Five New Year’s Resolutions For Improved Milk Quality

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MADISON, N.J. — As 2011 approaches, dairy producers may be looking for changes that can help improve cow health and profitability on the dairy. You might think of these changes as New Year’s resolutions. With tightened European Union export requirements on the way for dairy products, the coming year is a great time to set your sights on milk quality resolutions that can help you capture greater return from your milking herd.

“There is always room for improvement when it comes to milk quality, and small steps taken today can reap rewards tomorrow through increased production, higher premiums and reduced labor and treatment costs,” says Dr. Bradley Mills, DVM, senior veterinarian, Pfizer Animal Health Dairy Veterinary Operations. “In addition, progressing your mastitis management is part of doing what’s best for the health of your cattle and dairy operation.”

Like any resolution, milk quality improvement efforts must become a way of life for everyone on the dairy. Dr. Mills offers these milk quality resolutions to help advance your mastitis management programs and produce higher-quality milk.

1) Keep better culture records: When mastitis problems are detected, knowing the pathogens can make a big difference in treatment success. Culturing programs and record keeping can uncover the root of mastitis problems. Pinpointing specific environmental or contagious pathogens can help you select the most effective mastitis therapy and protocol to improve cow health and reduce overall treatment costs.

2) Strive for complete cure: Work with your veterinarian to base treatment protocols on the cow’s treatment history; length of the infection; and cow age, health status and lactation stage. Often, extended antibiotic therapy can help achieve a true cure, in which the bacteria are no longer present in the udder. Be sure the determined treatment and protocol are carried out to improve the chance of a complete cure. One important resolution should be to fight the tendency to switch products midtreatment and not finish the full treatment protocol. Even if milk appears normal, it’s important to complete the full treatment regimen to reduce the likelihood of a relapse. Infection relapse increases time milk is out of the bulk tank as well as the cost of treatment.

3) Pay more attention to your dry cows: Add a comprehensive dry cow program to your milk quality resolutions. The first line of defense for dry cow health is treating subclinical mastitis infections that are present going into the dry period. Next, utilize a nonantibiotic teat sealant to provide a barrier against bacteria and help prevent new infections. Prevention steps also include vaccinating for coliform mastitis. By using a vaccine, you can decrease the incidence of clinical coliform mastitis and lessen the severity of cases that do occur. Be sure to also provide a clean environment with minimal bacterial contamination throughout the dry period to help further reduce the risk of new infections.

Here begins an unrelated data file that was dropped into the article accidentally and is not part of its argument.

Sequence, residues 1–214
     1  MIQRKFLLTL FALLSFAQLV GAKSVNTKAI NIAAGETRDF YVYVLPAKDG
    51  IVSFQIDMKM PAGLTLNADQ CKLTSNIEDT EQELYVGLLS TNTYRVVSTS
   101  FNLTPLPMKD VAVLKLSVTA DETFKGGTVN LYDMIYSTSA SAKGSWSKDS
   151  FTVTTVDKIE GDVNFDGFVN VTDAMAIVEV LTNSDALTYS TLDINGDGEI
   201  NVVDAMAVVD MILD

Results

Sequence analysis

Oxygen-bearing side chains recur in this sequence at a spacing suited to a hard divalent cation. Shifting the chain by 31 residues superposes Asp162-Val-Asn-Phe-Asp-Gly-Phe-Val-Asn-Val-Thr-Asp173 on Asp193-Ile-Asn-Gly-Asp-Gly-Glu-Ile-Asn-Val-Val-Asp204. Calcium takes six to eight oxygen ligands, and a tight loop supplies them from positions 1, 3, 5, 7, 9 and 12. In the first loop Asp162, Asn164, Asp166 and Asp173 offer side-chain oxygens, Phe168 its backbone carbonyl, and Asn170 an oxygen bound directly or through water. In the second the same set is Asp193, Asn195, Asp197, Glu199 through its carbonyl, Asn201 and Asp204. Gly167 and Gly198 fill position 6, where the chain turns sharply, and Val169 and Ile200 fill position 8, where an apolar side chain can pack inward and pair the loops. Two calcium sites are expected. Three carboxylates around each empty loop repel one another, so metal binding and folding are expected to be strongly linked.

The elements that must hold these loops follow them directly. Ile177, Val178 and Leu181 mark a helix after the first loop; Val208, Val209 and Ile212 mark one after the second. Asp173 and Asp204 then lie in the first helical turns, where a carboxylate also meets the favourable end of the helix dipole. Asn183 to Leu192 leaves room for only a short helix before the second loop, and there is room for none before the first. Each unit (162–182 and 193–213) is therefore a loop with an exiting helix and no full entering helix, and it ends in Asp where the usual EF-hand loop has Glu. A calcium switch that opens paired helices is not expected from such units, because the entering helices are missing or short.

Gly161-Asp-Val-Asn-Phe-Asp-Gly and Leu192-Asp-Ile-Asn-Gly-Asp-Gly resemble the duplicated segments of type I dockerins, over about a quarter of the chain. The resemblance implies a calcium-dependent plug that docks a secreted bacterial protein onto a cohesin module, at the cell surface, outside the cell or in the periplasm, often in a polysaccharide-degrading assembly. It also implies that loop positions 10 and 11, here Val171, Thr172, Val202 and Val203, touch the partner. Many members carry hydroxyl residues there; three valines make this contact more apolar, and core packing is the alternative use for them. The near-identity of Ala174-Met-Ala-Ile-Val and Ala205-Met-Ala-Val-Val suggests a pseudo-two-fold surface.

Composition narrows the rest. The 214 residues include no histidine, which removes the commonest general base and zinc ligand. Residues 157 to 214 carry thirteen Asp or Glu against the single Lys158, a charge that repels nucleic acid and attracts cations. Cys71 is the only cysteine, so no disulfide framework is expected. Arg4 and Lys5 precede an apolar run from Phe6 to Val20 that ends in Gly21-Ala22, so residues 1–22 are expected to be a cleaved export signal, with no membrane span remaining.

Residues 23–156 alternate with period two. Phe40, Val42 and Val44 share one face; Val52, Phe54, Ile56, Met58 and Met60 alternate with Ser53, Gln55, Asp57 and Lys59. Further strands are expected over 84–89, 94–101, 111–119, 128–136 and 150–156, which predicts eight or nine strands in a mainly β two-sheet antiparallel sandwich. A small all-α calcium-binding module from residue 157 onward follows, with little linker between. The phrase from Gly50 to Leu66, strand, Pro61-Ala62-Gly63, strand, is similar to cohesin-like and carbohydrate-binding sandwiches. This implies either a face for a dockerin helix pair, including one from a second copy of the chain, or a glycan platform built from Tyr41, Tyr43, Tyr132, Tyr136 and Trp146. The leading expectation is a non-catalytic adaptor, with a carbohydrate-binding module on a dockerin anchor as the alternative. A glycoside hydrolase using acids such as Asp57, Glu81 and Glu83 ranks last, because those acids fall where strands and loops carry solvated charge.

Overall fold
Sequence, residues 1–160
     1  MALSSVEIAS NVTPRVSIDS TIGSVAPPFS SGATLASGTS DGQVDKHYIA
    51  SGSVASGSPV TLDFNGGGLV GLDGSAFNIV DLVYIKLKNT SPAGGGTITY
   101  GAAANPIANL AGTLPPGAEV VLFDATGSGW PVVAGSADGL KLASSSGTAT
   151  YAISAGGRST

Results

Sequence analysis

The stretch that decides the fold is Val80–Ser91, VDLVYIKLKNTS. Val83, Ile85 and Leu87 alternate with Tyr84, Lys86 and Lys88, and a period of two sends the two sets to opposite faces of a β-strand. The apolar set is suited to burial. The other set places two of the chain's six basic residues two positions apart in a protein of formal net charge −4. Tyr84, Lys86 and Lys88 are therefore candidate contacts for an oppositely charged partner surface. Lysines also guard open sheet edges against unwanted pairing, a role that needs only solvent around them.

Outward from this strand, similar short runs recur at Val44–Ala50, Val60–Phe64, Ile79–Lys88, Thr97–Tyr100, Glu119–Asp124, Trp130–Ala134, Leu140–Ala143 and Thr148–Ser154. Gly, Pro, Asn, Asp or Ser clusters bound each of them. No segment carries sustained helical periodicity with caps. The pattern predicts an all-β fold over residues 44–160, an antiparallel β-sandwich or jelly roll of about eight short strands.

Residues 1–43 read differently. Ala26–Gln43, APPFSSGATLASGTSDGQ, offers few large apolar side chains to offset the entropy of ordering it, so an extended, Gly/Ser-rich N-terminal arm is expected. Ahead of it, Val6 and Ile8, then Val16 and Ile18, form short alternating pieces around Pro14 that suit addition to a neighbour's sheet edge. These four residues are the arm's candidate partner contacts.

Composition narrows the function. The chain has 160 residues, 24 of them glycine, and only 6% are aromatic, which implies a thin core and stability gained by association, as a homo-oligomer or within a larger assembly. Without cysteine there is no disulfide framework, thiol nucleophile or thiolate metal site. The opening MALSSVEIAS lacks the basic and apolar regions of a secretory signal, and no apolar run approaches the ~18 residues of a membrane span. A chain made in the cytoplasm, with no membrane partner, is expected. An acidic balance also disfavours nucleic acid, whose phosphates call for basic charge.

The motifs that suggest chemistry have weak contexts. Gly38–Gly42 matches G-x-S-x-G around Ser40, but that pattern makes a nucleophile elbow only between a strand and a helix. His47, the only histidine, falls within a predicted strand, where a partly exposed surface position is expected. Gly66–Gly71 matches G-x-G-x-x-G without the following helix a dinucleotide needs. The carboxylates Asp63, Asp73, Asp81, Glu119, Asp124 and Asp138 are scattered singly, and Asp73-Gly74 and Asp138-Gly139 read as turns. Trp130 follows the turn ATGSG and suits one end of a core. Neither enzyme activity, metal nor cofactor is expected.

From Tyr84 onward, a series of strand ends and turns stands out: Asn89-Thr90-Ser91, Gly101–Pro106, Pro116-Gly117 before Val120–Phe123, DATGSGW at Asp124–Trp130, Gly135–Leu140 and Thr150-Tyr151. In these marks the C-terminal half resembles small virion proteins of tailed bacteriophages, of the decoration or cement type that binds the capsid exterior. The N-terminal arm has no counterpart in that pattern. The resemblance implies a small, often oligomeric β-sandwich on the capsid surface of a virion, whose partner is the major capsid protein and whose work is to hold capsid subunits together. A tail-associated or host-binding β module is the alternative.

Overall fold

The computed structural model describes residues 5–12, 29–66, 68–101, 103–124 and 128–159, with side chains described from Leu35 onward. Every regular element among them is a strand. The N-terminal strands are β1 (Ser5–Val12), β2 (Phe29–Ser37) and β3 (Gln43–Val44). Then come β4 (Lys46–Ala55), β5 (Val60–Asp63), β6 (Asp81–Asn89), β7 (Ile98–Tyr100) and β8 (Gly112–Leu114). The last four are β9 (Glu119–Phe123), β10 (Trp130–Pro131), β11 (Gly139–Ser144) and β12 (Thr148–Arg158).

4) Increase parlor routine consistency: A consistent milking routine is key to producing high-quality milk and improving udder health. Resolve to work collaboratively with employees to establish and implement parlor procedures that help increase consistency. Adapt protocols to appropriately meet the needs of your parlor and employees. Unless it fits easily into your operation, it won’t be done consistently. Make sure everyone agrees with and understands the new procedures, as employee buy-in and understanding is crucial to minimizing procedural drift. Monitor mastitis events, bulk tank bacteria counts and spikes in somatic cell counts to identify noncompliance.

5) Work more closely with your veterinarian:
A veterinarian is your greatest resource when it comes to developing, implementing and monitoring a mastitis management program. Try consulting with your veterinarian more frequently to gain better outcomes for treatment decisions, parlor routines, milk culture records and management practices. Your veterinarian can provide science-based recommendations for appropriate treatment options and protocols. Additionally, he or she can help set up a milk culturing program and analyze the data to develop treatment protocols for your dairy operation. Veterinarians also can provide a valuable outside perspective of your dairy operation and may be able to identify areas for improvement in your environmental management, parlor routines and equipment maintenance.

By establishing milk quality goals now, you can set yourself up for successful mastitis management throughout the coming year. Visit www.milkqualityfocus.com for more milk quality resolution ideas and ways to improve your milk quality in the new year.

About Pfizer Animal Health
Pfizer Animal Health, a business of Pfizer Inc., is a world leader in discovering and developing innovative animal vaccines and prescription medicines, investing an estimated $300 million annually in animal health product research and development. For more information about how Pfizer Animal Health works to ensure a safe, sustainable global food supply from healthy livestock and poultry; or helps companion animals and horses to live longer, healthier lives, visit www.PfizerAH.com.



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